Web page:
Efforts to have a cell tower built in Anna Maria took a step forward June 12, when the city cell tower review committee met with representatives of three companies bidding on the project.
The committee was formed several months ago after Commissioner Gene Aubry called for revising the cell tower ordinance, saying it was too restrictive and no company had applied in the 11 years since the ordinance was established.
Aubry also suggested good cellphone service is a safety issue, as many cellphone users no longer have land lines and find it difficult to get a signal, particularly in the northern part of the city.
Consultant Rusty Monroe was retained to assist the city in revising the ordinance and the result was an amended ordinance, a request for proposals and the three bids.
The committee, chaired by building official Bob Welch with members Tom Aposporos, Jon Crane and former Mayor Mike Selby, reviewed the presentations from Vertex Development, Florida Towers Partners LLC and F&L Towers LLC.
The committee members asked questions pertaining to the length of the lease, revenue for the city as new carriers are added and what could be negotiated in the proposals.
Committee members will grade applicants in a number of areas, then submit their grades to Welch at a 3:30 p.m. meeting June 19. The committee will make a priority list and submit that to the city commission and city attorney Jim Dye.
The commission will make the final decision on any cell tower contract.
Each company presented an initial offering at the June 10 meeting, but also said they are open to negotiation.
Vertex offered a lump-sum payment to the city of $300,000 on an initial five-year lease with an option to extend the lease to 25 years. Vertex said it planned for a maximum of six carriers on its tower, and the lease could be renegotiated if four or more carriers added equipment to the tower. The renegotiated lease could give the city additional revenue as more carriers are added.
F&L Towers LLC, headed by Anna Maria property owner and attorney Stacey Frank, offered the city a lump sum of $400,000 on an initial 10-year lease, then subject to a 50-year extension. Frank said she was open to negotiating the lease and revenue stream as more carriers were added to the tower.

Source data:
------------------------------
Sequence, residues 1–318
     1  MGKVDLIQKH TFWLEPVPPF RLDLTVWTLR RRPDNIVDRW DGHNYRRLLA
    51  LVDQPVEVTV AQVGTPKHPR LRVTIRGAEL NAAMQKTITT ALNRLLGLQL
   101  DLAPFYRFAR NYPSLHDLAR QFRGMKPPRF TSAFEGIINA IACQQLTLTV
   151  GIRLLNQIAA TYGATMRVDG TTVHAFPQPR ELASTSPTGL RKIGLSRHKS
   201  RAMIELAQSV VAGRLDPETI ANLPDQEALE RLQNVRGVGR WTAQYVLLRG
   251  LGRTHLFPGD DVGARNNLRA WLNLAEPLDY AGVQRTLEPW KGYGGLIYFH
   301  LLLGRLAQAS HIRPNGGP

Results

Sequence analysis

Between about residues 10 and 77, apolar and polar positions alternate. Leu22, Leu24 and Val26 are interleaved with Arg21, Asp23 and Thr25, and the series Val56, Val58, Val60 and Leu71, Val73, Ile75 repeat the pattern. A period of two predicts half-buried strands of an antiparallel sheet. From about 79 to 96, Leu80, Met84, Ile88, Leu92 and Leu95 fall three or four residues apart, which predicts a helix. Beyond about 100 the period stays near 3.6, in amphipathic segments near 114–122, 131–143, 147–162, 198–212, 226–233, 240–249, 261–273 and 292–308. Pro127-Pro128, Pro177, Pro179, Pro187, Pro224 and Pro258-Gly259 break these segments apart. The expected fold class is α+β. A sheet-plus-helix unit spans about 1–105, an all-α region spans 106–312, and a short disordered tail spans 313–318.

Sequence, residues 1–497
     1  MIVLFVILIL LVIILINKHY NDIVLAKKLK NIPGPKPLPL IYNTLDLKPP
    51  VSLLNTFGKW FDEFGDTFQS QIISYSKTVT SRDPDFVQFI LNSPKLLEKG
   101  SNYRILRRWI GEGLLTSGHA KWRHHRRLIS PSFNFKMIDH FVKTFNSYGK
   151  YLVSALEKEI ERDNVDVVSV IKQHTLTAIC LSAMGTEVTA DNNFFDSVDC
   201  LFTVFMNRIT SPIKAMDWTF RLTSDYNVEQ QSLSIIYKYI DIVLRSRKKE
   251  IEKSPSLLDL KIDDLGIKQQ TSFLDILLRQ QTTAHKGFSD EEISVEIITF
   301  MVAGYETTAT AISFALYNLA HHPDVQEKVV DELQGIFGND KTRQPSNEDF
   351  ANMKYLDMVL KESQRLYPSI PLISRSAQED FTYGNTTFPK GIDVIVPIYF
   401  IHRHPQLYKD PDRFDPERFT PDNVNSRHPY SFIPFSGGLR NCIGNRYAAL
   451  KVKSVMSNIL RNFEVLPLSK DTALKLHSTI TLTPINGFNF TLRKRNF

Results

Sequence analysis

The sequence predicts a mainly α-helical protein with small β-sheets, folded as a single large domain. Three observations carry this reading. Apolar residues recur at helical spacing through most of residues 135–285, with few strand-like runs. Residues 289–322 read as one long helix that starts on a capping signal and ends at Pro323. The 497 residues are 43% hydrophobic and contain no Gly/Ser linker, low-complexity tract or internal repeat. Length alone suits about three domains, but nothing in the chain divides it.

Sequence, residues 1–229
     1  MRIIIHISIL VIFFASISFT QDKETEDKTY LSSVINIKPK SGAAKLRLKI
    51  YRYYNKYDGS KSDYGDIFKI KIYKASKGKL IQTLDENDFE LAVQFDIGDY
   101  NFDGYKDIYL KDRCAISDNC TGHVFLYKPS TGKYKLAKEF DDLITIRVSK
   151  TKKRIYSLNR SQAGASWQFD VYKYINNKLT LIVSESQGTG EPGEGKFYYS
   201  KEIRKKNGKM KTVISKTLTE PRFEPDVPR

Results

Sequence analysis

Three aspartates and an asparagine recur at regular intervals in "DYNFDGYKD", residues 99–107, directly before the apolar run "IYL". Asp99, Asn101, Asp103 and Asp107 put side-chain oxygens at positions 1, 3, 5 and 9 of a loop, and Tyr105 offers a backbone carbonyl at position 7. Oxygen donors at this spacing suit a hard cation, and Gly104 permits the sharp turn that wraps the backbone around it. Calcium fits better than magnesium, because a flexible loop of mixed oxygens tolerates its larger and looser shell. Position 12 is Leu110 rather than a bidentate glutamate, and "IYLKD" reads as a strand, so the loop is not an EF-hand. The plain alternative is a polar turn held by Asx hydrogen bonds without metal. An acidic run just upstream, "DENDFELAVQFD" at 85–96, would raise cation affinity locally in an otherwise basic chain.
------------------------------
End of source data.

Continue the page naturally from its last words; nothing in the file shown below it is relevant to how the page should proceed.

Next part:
She said a fourth or fifth carrier would trigger renegotiations to give the city additional revenue. She also said any portion of her proposal could be negotiated with the city.
Florida Towers Partners offered a lump sum of $400,000, or a lump sum of $350,000 plus revenue sharing.
Each company proposed the design of the tower as a functioning flagpole to accommodate flying the U.S. flag on top.
The first carrier’s equipment would start at 90 feet on the flagpole and another carrier’s equipment placed every 10 feet to a maximum of six carriers on a 150-foot flagpole.
Carrier technology no longer requires hanging antenna such as the equipment at the Holmes Beach tower, but rather is wrapped around the flagpole and blends with the structure.
Each proposal requires an structure at the bottom of the pole for mechanical equipment to operate the tower. F&L Towers and Florida Towers proposed a 30-by-90-foot area 6 feet tall and a protective wall or fence enclosure.
The mechanical area would have a generator that would operate the tower in the event normal electrical service to the city is disrupted.
Kevin Burile of Florida Towers Partners said the revenue stream from the carriers could be sold by the cell tower owner to a third party under certain conditions.
Before a carrier will apply to have its equipment on a tower, the tower must be operating effectively, Burile said.
He said his company has worked with Bradenton Beach for construction of a cell tower.
Frank said her company has worked with Pasco and Hillsborough county school systems to build cell towers.
But the industry is changing with some carriers merging with others, she said.
Frank said a merger between two large cellphone carriers might reduce the number of carriers on the tower. She also said the DAS system, which uses small transmitter boxes to send signals, might become more popular.
Presently, DAS is a line-of-sight system that might not work well in Anna Maria because of its many trees and tree-lined streets, a study of DAS several years ago suggested.
Burile agreed the industry is changing rapidly. “It’s hard to predict the future, or where we might be in 10-20 years,” he said.
Committee members will meet again at 3:30 p.m. Wednesday, June 19, and present their grades and ratings. Welch said he hopes to present the committee’s findings to the city commission for consideration June 27.